China’s “artificial sun” fusion tokamak broke the world record for the longest time to achieve a plasma temperature of just 160 million degrees Celsius (216 million degrees Fahrenheit) for 101 seconds, as well as a total of 160 million degrees Celsius. Although nuclear fusion reactors are still in their infancy, growing these temperatures for long periods of time pushes the field towards the ultimate goal of more unlimited energy. The announcement, made by China’s state-run media Global Times, broke the fusion record of experimental pioneer Superconducting tokamak (EAST), which was originally the Korean KSTR fusion device that reached 100 million degrees Celsius in December 2020, 20 seconds.
Holding five times the duration of this level is a huge milestone, which researchers at East now hope to extend further. Li Miao, director of the physics department of the Southern University of Science and Technology, Shenzhen, said in a statement to the Global Times, “The groundbreaking remarkable progress and the ultimate goal should be to keep temperatures stable for a long time to come.” Tokamak is a device that uses strong magnets to create magnetic fields capable of limiting plasma. Often in the form of a ringed donut, a tokamak heats deuterium and tritium in a magnetic field at a plasma temperature that can be six times hotter than the Sun’s core.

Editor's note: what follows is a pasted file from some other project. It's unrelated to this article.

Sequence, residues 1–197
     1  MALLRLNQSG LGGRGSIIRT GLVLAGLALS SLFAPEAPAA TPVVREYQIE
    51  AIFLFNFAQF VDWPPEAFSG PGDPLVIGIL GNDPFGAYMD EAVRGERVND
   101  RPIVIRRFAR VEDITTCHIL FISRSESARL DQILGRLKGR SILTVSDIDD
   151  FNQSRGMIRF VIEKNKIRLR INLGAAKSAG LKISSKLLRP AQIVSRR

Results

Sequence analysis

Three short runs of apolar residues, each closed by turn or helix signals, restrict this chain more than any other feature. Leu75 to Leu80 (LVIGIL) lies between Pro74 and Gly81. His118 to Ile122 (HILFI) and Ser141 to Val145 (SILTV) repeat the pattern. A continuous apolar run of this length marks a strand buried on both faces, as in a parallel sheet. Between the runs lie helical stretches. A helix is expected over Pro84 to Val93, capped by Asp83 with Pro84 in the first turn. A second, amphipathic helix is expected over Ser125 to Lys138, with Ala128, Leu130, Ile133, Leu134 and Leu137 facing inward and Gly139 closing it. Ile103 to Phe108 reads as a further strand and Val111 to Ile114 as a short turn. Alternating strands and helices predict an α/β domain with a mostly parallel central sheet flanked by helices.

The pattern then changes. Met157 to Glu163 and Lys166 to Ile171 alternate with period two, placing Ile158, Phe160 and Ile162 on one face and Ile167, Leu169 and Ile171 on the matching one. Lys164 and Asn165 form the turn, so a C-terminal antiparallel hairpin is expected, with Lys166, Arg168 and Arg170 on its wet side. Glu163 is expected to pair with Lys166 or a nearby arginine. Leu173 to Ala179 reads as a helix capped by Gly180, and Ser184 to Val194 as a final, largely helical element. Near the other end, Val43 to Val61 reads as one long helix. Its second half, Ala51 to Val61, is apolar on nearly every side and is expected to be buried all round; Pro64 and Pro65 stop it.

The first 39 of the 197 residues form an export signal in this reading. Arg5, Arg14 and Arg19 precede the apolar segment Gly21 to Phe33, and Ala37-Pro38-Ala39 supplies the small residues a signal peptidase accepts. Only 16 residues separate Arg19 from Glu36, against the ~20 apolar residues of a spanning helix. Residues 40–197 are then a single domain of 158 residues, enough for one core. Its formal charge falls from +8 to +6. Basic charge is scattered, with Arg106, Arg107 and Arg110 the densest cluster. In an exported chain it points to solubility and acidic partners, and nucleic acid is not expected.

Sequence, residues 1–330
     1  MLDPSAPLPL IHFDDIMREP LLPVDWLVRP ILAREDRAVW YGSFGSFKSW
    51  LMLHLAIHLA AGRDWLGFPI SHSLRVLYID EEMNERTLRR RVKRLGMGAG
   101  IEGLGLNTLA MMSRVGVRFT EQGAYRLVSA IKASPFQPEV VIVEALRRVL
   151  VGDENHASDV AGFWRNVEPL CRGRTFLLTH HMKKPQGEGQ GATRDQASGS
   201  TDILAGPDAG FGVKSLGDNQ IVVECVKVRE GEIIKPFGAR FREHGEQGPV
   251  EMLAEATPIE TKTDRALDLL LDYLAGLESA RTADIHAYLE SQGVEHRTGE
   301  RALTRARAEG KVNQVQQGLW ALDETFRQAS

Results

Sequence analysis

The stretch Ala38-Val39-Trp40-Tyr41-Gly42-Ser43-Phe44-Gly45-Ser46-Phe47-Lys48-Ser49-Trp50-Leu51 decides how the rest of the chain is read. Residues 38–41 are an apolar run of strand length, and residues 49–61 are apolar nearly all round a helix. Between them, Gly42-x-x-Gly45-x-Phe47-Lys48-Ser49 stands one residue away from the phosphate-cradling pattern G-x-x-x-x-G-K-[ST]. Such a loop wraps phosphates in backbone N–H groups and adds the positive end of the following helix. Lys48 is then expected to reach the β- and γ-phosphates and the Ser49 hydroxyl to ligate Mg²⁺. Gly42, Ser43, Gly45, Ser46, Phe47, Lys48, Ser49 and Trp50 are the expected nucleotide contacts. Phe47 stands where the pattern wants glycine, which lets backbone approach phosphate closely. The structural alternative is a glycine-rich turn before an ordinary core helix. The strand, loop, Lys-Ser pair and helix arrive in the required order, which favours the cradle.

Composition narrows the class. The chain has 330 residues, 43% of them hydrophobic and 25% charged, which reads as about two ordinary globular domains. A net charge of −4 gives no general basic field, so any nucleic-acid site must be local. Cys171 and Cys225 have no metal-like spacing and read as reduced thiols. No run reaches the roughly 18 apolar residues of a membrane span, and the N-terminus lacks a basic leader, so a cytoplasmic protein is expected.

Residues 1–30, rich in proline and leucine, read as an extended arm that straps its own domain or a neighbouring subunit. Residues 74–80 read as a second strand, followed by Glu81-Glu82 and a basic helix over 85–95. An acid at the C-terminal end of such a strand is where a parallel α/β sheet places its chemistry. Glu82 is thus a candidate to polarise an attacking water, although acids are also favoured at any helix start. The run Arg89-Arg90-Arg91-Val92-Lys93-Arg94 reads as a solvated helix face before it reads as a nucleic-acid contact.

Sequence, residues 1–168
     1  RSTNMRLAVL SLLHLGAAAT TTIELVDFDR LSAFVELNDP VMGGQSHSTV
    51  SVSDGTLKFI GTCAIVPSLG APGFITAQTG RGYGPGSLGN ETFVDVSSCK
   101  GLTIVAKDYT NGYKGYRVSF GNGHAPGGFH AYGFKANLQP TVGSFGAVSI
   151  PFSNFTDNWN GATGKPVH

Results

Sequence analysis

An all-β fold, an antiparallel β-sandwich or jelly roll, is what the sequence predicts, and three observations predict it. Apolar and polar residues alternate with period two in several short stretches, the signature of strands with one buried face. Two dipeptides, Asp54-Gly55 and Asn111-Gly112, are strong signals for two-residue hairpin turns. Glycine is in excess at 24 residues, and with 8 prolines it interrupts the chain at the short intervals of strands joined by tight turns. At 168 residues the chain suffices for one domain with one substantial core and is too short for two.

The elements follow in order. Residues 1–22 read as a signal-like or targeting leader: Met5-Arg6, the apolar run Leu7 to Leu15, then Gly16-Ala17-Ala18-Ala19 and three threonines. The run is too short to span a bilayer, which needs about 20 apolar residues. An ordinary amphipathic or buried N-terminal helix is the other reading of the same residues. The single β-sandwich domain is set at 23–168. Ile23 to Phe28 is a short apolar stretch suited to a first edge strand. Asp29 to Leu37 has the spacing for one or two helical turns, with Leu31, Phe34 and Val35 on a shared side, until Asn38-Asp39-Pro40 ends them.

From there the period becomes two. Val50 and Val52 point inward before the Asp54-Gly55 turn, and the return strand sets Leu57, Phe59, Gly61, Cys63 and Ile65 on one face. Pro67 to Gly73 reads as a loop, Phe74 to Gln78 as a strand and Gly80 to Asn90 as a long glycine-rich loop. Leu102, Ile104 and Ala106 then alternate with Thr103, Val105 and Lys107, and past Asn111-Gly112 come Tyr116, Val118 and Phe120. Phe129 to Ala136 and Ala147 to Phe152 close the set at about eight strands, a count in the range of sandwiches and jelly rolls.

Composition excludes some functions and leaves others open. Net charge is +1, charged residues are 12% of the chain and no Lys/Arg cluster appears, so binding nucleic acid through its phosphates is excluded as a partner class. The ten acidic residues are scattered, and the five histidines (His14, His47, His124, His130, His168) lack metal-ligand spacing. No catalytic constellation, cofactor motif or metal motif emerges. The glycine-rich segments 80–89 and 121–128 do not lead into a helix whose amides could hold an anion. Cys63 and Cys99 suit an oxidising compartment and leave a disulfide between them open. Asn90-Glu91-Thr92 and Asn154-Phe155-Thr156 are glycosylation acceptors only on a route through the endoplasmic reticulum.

Intensive energy is required to keep this magnetic prison in place, which means current repetitions are much more inefficient and short-lived as a functional fusion reactor, but tokamak presents our best option for a functional fusion reactor in the future. To achieve fusion, the temperature must be above 100 million degrees Celsius, in a place where deuterium and tritium atoms begin to converge. In this process, a lot of energy is released, which is expected to be used to power the electricity grid once the world’s reactors are operational.
Some scientists even want to abandon the intense heat required for “hot fusion” and try to create “cold fusion” – a nuclear reaction that occurs near room temperature – although this is only a conjecture that has not yet been proven realistic.
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